Now the stories flow. He knew all four Avengers girls – and dated a couple – and used to zip around the capital on a chauffeur-driven scooter after giving up his drop-head green Corniche. "It was too extravagant so I got rid of it. Instead, Tom, the doorman at our office, drove me around on the scooter. I can't bear displays of wealth. You can only wear one pair of shoes at a time," he laughs, pointing to his own – made in Hong Kong circa the 1950s, a period when he was importing toys like Noddy from Hong Kong and was the first to bring Disney's Mickey Mouse into the UK.
"I've got a hundred stories like this but we'll save them for another time."
But he gives a taste; gooning with Spike Milligan and Peter Sellers, who were leasing one of his Kensington offices, and the nearby Biba crowd; making films, trading cinemas with the Grades and the Delfonts and building theatres with Brian Rix; the English National Orchestra that he helped to create, and the Queen of the South, the UK's biggest paddle steamer, which he restored, making a splash on the cover of Time Out. Just a flavour.
Since the 1980s he's been technically retired, concentrating on his philanthropy behind the scenes.
Until now. "Now it's my duty to speak out. This Government – and the last Labour one – are wasting taxpayer's money with PFI projects. Mark two is just as bad. About £300bn has been wasted – it's outrageous, if not criminal, and must be stopped."
Friends in high places are helping out. With him at the Whitehall meeting will be Lord Feldman, while Lord Rix and Lord Tebbit, whose wife was treated at Stanmore for injuries sustained in the Brighton bombing, are also backers. "I've just come off the phone to Norman [Tebbit] and he's fighting for us. It's only because he, Feldman and Rix wrote to the Prime Minister that I've finally got to see Hunt."
An earlier attempt to persuade Andrew Lansley, the former Health Secretary, to consider his proposal was rejected after the minister commissioned an independent review into CFI. Mr Lansley's officials said the review claimed that using CFI was illegal as charities are not permitted trading subsidiaries. Yet he didn't give up. "This was nonsense. The review didn't say that at all. Since then I have taken my own independent legal advice which shows that it is legal. Every charity in the country has a trading arm."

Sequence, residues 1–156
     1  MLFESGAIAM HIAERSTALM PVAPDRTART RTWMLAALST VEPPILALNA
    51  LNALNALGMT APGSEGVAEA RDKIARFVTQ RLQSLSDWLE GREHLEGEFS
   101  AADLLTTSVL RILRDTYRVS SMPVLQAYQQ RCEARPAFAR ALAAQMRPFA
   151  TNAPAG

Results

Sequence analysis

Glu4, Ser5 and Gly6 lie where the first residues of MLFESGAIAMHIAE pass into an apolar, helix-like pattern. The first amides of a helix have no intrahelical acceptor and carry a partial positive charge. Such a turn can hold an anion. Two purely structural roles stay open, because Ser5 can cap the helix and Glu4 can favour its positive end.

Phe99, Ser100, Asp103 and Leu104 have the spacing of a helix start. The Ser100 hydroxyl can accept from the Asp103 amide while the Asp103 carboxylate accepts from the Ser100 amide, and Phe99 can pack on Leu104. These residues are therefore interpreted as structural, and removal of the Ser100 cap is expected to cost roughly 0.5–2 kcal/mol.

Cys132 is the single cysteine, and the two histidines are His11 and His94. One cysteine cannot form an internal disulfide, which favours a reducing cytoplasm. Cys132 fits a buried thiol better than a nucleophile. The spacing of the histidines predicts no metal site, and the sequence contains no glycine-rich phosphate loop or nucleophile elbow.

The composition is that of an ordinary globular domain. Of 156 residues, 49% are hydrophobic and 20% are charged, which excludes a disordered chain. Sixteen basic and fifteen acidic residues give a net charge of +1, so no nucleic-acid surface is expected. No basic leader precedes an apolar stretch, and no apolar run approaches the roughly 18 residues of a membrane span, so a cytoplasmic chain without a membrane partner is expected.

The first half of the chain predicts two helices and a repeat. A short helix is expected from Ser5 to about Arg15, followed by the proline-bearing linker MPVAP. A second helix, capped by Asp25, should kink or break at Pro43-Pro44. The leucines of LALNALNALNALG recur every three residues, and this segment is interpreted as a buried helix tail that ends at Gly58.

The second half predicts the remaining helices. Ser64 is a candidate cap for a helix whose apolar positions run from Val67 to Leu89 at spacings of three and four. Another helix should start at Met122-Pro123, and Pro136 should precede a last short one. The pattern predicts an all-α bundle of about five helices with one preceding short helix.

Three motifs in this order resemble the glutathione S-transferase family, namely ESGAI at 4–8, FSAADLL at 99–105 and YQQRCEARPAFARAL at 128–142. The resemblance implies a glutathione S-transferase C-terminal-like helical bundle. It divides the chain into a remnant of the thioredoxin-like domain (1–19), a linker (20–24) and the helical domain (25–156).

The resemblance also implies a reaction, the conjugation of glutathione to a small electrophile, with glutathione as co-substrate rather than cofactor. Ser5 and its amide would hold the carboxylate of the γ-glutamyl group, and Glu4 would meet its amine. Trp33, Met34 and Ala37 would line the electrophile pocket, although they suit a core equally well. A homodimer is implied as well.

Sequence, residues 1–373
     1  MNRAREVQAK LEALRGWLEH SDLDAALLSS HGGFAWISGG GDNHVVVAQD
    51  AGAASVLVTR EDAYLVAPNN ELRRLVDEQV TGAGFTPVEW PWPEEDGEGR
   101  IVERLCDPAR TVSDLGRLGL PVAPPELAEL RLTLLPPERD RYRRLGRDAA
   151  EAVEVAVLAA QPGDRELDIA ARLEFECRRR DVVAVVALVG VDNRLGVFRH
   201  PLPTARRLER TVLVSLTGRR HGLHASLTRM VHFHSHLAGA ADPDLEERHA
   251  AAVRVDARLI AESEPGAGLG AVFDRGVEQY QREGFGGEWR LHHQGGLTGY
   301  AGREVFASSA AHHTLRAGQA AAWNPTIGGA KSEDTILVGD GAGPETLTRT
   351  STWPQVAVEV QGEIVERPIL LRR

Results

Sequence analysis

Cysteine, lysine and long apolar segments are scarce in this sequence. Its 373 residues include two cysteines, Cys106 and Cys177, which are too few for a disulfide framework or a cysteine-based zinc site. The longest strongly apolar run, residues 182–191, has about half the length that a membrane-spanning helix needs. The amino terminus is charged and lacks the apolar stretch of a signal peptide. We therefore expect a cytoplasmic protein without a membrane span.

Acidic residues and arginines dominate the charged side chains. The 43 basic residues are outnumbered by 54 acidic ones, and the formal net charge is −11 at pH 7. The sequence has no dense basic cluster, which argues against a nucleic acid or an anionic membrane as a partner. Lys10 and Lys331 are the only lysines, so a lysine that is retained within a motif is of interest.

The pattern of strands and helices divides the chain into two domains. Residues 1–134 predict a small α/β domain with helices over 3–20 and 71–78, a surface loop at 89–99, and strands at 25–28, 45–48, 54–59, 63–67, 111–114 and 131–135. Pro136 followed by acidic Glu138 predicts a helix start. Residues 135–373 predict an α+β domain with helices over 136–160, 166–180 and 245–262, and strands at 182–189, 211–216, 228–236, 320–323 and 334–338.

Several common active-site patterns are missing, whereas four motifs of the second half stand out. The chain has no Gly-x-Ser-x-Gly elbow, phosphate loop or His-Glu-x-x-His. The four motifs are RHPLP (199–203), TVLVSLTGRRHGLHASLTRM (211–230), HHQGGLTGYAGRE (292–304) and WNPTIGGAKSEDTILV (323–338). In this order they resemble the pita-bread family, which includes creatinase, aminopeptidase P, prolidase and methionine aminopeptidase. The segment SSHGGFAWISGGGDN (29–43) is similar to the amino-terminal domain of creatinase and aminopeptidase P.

He's cynical about next week's meeting: "Either Mr Hunt has been told by the PM to 'listen to the old bugger and see him off' or he sees it makes sense. Let's hope it's the latter and he halts the PFI bidding review [Balfour Beatty and Bouygues are potential bidders] and lets me start with a pilot scheme."
Working with him in the CFI consortium are half a dozen top property experts, such as Savills and Gleeds, while Barclays has signed up to provide the £80m of short-term borrowings to fund the development stage.
He now has a new passion: low-cost, affordable houses that "can be built for £75,000 each with energy bills that are only about £60 a year. We are all being defrauded by the energy companies."
After months of lobbying, he says the Mayor of London's office has agreed to look for suitable sites where these new homes can be built. Yet he won't stop there – helping to build new schools is next on his agenda: "There's no reason CFI can't be used for public bodies throughout the country. I'm doing this for all taxpayers."